Let the Narnians Save Themselves
Another month, another movie tie-in. Are we done yet? Certainly not! With the summer around the corner, family movies are popping out like mice in a cheese factory. Just a few days ago, I went to the theater to watch the follow-up to The Chronicles of Narnia: The Lion, the Witch, and the Wardrobe. I didn’t think Prince Caspian was quite as exciting as the first movie, but it’s a decent one to watch with the younger ones, as long as they aren’t too scared of weird creatures and such.
The Chronicles of Narnia: Prince Caspian video game is inspired by the movie, though it puts more emphasis on the battles than the actual movie does; it also includes some deleted scenes that didn’t make it to the final cut in the film. However, I didn’t find this game as entertaining as other movie tie-ins, so I recommend people who enjoy this kind of family game to proceed with caution.
There are a few reasons why someone would choose to play this game. First of all, it follows the same story as the movie, so it extends its enjoyment a little further. In the movie, we saw how the kids (once kings and queens of Narnia) are back in London and living a somewhat normal life. While waiting for the train at the Underground station, the forces of magic pull them back to Narnia. It’s been a hundred years since they left, and Narnia has since been invaded by the Telemarines. These heartless humans devastated the lands and killed all the Narnians who couldn’t escape. But, who brought the Pevensie siblings back to Narnia? It was none other than prince Caspian, who summoned them with Susan’s horn. His life is in danger, and he summons the kids in a desperate act to defeat his evil uncle and return the land to its original people. Little did he know the kings and queens of Narnia he’d heard about were younger than him!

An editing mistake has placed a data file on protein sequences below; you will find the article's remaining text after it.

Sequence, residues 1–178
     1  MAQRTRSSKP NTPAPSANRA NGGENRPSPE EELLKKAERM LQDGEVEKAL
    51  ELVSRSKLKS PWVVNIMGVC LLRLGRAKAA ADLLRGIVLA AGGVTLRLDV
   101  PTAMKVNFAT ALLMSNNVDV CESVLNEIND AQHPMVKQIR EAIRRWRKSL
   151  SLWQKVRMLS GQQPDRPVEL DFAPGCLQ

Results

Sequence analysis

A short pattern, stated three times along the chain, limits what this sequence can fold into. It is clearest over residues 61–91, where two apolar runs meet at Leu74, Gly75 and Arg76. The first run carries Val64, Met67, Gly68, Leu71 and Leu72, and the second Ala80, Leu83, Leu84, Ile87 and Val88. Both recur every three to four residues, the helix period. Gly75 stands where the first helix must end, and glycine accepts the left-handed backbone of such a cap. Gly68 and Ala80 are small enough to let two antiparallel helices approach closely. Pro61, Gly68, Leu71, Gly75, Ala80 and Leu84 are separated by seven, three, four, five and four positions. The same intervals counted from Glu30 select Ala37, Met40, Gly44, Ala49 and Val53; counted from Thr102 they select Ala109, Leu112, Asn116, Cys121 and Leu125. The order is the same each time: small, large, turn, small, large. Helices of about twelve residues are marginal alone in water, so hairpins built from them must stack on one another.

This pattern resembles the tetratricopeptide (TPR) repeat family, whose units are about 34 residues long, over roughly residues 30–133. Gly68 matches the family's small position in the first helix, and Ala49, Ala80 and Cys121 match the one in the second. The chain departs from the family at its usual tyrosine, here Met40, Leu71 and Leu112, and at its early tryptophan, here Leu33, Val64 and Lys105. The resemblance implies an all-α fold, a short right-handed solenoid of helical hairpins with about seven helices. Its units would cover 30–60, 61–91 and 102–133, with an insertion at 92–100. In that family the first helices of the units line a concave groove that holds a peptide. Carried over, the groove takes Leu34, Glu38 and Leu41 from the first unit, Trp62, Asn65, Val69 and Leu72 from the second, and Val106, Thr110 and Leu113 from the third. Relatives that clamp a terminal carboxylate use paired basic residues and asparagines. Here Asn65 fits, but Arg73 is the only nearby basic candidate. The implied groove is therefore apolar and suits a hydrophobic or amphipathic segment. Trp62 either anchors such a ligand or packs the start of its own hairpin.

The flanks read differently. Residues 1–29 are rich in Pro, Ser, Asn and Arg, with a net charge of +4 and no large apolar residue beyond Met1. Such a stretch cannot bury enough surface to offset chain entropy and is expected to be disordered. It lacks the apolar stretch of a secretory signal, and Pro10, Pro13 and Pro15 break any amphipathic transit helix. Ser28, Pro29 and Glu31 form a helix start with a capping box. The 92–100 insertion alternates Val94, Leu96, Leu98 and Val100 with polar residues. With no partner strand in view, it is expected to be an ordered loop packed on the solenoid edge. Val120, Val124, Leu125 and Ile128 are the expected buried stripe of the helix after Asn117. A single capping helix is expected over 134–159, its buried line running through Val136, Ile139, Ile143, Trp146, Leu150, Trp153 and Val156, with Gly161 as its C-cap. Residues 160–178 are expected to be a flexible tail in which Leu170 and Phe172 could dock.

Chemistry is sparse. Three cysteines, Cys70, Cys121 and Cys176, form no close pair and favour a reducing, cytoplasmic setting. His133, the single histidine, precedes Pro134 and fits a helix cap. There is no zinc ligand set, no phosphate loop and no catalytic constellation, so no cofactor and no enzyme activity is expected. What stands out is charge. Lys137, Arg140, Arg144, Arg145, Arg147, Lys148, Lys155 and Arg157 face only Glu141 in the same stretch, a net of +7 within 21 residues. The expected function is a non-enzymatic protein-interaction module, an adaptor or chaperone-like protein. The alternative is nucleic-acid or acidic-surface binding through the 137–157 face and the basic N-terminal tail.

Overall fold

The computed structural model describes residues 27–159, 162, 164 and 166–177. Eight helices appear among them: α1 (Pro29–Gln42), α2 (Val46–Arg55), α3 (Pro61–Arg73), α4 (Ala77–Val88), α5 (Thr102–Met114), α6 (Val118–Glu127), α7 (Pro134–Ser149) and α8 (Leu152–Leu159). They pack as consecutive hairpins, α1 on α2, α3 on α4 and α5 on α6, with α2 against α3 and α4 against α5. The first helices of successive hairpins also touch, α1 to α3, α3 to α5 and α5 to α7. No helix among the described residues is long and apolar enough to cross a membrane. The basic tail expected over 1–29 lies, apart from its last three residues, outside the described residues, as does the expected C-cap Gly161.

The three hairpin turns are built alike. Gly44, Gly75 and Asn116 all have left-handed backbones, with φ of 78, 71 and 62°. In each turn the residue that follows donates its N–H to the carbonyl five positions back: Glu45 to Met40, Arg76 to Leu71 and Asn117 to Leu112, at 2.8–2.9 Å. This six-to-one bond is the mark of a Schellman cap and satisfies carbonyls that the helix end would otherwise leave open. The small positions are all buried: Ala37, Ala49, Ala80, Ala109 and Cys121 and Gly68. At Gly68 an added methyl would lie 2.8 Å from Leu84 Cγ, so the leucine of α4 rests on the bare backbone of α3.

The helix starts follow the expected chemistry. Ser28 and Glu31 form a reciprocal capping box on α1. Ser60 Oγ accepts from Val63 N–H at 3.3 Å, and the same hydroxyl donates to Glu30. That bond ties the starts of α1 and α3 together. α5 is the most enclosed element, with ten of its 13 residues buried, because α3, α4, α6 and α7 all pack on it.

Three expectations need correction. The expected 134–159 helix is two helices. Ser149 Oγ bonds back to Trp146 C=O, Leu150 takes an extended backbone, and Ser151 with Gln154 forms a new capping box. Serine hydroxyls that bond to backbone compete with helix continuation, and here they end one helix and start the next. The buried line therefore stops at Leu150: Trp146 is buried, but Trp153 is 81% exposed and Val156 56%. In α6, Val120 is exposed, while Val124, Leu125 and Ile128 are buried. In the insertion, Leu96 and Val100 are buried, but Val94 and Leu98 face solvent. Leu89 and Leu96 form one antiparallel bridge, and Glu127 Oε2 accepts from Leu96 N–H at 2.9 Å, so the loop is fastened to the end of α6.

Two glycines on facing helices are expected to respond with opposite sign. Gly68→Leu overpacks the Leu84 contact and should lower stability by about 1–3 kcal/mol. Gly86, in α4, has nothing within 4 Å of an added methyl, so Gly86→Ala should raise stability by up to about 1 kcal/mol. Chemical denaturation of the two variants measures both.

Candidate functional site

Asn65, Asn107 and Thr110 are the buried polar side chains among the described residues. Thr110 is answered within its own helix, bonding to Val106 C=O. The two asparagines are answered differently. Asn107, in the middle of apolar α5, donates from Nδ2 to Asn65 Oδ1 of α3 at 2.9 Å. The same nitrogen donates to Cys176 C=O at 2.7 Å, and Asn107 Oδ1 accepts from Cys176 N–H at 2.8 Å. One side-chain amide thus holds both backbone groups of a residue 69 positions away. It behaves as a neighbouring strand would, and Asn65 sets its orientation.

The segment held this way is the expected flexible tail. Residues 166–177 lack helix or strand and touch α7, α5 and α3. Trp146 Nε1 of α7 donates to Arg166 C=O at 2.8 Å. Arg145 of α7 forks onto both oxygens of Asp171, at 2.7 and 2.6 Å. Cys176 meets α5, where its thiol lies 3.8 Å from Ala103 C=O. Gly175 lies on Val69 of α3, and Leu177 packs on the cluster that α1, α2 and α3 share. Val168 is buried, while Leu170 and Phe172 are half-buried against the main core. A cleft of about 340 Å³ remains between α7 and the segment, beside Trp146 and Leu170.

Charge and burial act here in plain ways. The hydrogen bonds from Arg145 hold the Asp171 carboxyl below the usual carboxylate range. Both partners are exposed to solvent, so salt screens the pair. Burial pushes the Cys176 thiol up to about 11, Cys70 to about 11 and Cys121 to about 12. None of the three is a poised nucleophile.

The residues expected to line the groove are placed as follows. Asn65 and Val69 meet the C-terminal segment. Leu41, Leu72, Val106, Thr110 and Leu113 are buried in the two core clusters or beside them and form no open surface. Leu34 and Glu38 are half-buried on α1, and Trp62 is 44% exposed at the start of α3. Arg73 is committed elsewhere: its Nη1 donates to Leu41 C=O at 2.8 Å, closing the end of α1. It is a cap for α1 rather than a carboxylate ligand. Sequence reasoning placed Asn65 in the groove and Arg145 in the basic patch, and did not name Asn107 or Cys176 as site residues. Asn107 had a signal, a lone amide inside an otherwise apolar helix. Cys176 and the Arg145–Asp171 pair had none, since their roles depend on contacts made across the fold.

That’s basically the story, but in the game everything starts with the battles between the Narnians and the Telemarines, just before Peter, Edmund, Susan, and Lucy return. Players will be able to choose one of four Narnian characters to start. There’s a dwarf, a faun, a minotaur, and a centaur. Each of the characters has its own abilities, which plays an important role when it comes to solving puzzles. The second reason why someone would play this game is the multiplayer co-op support. Up to four players can participate at the same time and take on the role of one of the four playable characters. As you advance through the game, you’ll be able to control different characters in the story, including, of course, the Pevensie kids. It’s a good way to keep the gameplay fresh, though overall it’s not very interesting or fun to play.
The controls are easy enough for anyone to pick up. The combat moves don’t require much more than mere button-mashing, and the puzzles are usually solved by finding something somewhere and putting it somewhere else, sometimes using character-specific abilities like the dwarf’s grappling hook, the minotaur’s strength, etc. The gameplay is rather simple and I have no complaints in this regard; if anything, it was a little too easy for those looking to be challenged. The camera angles were a bit fiddly sometimes, but they never became truly annoying.